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As Kingfishers Catch Fire

by Gerard Manley Hopkins

As kingfishers catch fire, dragonflies draw flame;
As tumbled over rim in roundy wells
Stones ring; like each tucked string tells, each hung bell's
Bow swung finds tongue to fling out broad its name;
Each mortal thing does one thing and the same:
Deals out that being indoors each one dwells;
Selves — goes itself; myself it speaks and spells,
Crying Whát I dó is me: for that I came.

I say móre: the just man justices;
Keeps grace: thát keeps all his goings graces;
Acts in God's eye what in God's eye he is —
Chríst — for Christ plays in ten thousand places,
Lovely in limbs, and lovely in eyes not his
To the Father through the features of men's faces.

 

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"As Kingfishers Catch Fire" does what it describes: it asserts its unique identity and reason for existence. In the words of the poem, it is selving, flinging out its name, crying What I do is me: for that I came.

Also, it has been pointed out that all the accented words in this poem reinforces its description of the "thisness" or unique individuality of each thing that exists.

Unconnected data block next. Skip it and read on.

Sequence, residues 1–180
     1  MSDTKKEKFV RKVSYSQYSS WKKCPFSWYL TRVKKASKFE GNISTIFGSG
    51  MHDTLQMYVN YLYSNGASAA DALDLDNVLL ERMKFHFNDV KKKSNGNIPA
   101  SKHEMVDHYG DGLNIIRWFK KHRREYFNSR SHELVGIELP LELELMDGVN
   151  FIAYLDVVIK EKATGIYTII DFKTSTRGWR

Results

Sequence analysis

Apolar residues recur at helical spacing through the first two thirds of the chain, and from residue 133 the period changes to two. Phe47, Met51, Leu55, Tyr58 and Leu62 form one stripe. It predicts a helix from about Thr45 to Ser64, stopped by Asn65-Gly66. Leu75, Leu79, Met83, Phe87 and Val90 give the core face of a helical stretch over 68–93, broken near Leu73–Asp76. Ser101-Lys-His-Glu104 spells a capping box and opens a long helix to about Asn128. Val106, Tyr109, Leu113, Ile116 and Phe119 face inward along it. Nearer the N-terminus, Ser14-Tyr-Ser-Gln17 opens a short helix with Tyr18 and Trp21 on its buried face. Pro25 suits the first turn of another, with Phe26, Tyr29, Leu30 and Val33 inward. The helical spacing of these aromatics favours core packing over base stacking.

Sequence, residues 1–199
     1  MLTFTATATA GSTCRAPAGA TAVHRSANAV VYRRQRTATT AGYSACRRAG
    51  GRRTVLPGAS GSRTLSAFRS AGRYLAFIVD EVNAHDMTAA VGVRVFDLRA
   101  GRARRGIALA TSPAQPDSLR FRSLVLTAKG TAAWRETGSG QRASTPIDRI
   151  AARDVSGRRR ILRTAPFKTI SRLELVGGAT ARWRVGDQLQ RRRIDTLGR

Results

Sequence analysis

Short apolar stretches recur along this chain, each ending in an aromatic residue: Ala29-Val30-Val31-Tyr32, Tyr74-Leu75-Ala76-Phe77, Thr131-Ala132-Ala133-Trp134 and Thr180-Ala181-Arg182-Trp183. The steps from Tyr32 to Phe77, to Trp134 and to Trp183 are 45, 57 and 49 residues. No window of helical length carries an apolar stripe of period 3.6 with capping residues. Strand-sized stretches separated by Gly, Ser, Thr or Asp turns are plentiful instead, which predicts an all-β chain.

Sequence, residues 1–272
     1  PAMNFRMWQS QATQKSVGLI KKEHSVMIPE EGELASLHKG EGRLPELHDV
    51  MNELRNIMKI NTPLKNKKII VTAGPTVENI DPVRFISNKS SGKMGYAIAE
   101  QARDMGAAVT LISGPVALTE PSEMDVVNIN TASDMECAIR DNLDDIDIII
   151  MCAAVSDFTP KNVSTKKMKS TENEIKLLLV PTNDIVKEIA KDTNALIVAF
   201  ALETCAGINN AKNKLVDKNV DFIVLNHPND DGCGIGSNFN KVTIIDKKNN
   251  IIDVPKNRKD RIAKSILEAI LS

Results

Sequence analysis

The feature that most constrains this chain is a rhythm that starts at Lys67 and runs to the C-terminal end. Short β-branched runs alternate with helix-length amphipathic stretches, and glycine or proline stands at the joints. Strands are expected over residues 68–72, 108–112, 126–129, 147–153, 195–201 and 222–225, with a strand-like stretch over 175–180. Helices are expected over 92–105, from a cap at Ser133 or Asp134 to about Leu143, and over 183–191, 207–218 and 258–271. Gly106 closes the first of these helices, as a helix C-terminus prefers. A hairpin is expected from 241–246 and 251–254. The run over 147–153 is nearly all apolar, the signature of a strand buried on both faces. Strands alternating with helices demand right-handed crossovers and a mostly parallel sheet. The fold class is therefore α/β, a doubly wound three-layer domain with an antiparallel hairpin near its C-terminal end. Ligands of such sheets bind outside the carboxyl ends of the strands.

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As Kingfishers Catch Fire, Excerpt From SparkNotes:

The kingfisher, one of the most colorful birds in England, “catches fire” as the light brings its plumage to a bright radiance. Similarly, the iridescent wings of the dragonfly glint with a flame-like beauty. These two optical images are followed by three aural ones: the tinkling sound of pebbles tossed down wells, the plucking of strings on a musical instrument, and the ringing of bells as the “bow” swings like a pendulum to strike the metal side. Each of these objects does exactly what its nature dictates, in a kind of (unwilled) self-assertion. More generally, every “mortal thing” might be thought to do the same: to express that essence that dwells inside (“indoors”) of it. “Selves” (assumedly from the infinitive “to self,” or “to selve,”) is Hopkins’s coined verb for that self-enacting, and he elaborates upon this process in the lines that follow: to “self” is to go oneself, to speak and spell “myself,” to cry, “What I do is me: for that I came.”

"The next stanza extends this concept from object to man. “Justices” (from the made-up infinitive “to justice”) becomes the verb for that which the just man does or enacts. He harbors a grace (bestowed by God) that reveals itself in all his “goings” or everyday activities. And he acts before God as the being that God sees him as, which is Christ, who is both man and God. Christ dwells everywhere—in bodies and in the expressions of human eyes. It is the beauty lent by Christ’s presence that makes “the features of men’s faces” lovely in God’s sight.




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